June 10, 2019

Improving Touch Events upon an Infinite Scrolling Component

Closeup of a butterfly sitting on the tip of the someone's index finger

In my recent blog post on Using React Hooks to set up Infinite Scroll, I created a working version of infinite scroll that works in both desktop and touch screen environments. However, I came across a problem I did not anticipate when I put it into production, some of the links on my page stopped working. I tried debugging my CSS, to no avail, only to realize the solution involved updating my touchend event handlers with a very simple fix.

Solution: Debugging CSS ??

The structure of my components nests some links within block level elements. To achieve infinite-scrolling, I map over a list of businesses as follows:

<li key={govId} index={idx + 1}>
  <h2>
    <Link 
      to={ `/businesses/${businessName}` }      state={{ 
        prevPath: typeof window !== `undefined` ? window.location.pathname : ''
      }}
    >
      {businessName}
    </Link>
  </h2>
  <p>
    <a href={`tel:${businessPhone}`}>{businessPhone}</a>  </p>
</li>

From past experience, I immediately thought the solution would be to either adjust the z-index of the nested link or to set pointer-events on the parent elements. I tried both:

    li, li>h2, p { 
        pointer-events: auto;
        z-index: 1;
    }
    li>h2>a, p>a {
        z-index: 3;
    }

Neither solution solved the problem nor were a problem to begin with, at least in my implementation.

Solution: Debugging touchend Event Handler !!

First, here is the initial state of my code for this component. I define handleScroll to add more items to the infinite scroll. Then, handleTouchEnd calls the scroll event handler to avoid double loading. Take particular note of e.preventDefault (perhaps this shouldn’t be called at all? We shall find out soon enough):

  const handleScroll = () => {
    if ( !hasMore ) return;
    if ( window && ( window.innerHeight + document.documentElement.scrollTop >= document.documentElement.offsetHeight ) ){
      loadMore() // function to add more items to the infinite scroll until no items left
    }
  }

  const handleTouchEnd = (e) => {
      e.preventDefault();      handleScroll();
  }
  
  useEffect(() => {
    window && window.addEventListener('touchend', handleTouchEnd)
    window && window.addEventListener('scroll', handleScroll)
    window && window.addEventListener('resize', handleScroll)
    return () => {
      window && window.removeEventListener('touchend', handleTouchEnd)
      window && window.removeEventListener('scroll', handleScroll)
      window && window.removeEventListener('resize', handleScroll)
    };
  }, [businesses, hasMore])

After realizing that updated my css would not resolve my issue, I wondered what in the world is causing my problem. In this particular component, I use two React hooks to manage state and handle events - useState and useEffect. I wondered,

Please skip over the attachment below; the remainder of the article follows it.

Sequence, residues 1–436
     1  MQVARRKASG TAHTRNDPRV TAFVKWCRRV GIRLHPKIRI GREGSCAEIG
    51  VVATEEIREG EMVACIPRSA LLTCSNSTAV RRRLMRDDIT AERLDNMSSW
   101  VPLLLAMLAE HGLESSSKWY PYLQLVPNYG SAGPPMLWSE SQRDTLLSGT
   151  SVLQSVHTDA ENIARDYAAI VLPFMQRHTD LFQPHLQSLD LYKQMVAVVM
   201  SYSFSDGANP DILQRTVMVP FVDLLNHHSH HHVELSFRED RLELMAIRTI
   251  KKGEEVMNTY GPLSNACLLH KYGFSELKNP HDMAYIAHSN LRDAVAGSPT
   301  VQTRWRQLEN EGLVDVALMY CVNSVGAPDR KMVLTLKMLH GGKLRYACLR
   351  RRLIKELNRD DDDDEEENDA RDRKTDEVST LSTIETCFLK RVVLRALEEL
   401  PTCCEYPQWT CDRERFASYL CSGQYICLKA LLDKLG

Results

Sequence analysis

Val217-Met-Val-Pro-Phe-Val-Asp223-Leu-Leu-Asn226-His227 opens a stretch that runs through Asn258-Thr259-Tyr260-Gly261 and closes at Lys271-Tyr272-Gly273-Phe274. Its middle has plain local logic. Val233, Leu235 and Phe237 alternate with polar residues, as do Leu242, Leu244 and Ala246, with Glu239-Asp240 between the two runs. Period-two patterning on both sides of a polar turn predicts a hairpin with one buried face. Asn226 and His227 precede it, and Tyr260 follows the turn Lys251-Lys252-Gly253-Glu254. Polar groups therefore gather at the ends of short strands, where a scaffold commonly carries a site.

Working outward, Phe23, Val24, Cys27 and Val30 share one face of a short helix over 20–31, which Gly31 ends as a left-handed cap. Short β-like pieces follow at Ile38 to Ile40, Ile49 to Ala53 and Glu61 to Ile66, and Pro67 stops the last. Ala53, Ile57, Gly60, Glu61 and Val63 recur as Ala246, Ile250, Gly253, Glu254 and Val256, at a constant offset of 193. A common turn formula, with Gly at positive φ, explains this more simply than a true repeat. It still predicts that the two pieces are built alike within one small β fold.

Okay, so this is a Gatsby project, and I'm importing the Link component from the gatsby library. Could these hooks be interfering with the functionality of the Link?

This wasn’t the problem. I could see in the console that Link rendered a simple a tag, and other Link components were working on the page, such as those rendered by the Navigation component. The only links not working were within my infinite scrolling list component. Moreover, the links worked perfectly in a desktop environment. So I again wondered,

Why in the world does this work on desktop and not on mobile? No errors are being thrown. The href attribute is valid and working if I paste it in the browser. How again does the touchend event work?

This led me to investigating the order in which events are fired by touch screens.

click comes after touchend

According to MDN, the W3C standard calls for a typical order of events fired by touch screens, as follows:

  • touchstart
  • Zero or more touchmove events, depending on movement of the finger(s)
  • touchend
  • mousemove
  • mousedown
  • mouseup
  • click

Remember I asked you to take particular note that I was calling e.preventDefault() on the touchend event? Turns out that is the culprit. By cancelling the dispatching of further events on touchend, the click event for the link component was never being fired. As MDN tells us:

If the touchstart, touchmove or touchend event is canceled during an interaction, no mouse or click events will be fired.

The solution then must include not calling e.preventDefault, particularly when a link is the target of touchend.

So, the only change necessary involves adding a condition within my handleTouchEnd function, to check for a tags, or Element.tagName == "A", and only call e.preventDefault() if the target is not such a tag:

const handleTouchEnd = (e) => {
  if (e.target.tagName !== "A") {
    e.preventDefault(); 
    handleScroll();
  } else {
    console.log("this makes me a click event, most likely")
  }
}

Photo by Amy Humphries on Unsplash

Wesley L. Handy

Written by Wesley L. Handy who lives and works in Virginia Beach, VA, finding ways to build cool stuff in Gatsby and React. You should follow him on Twitter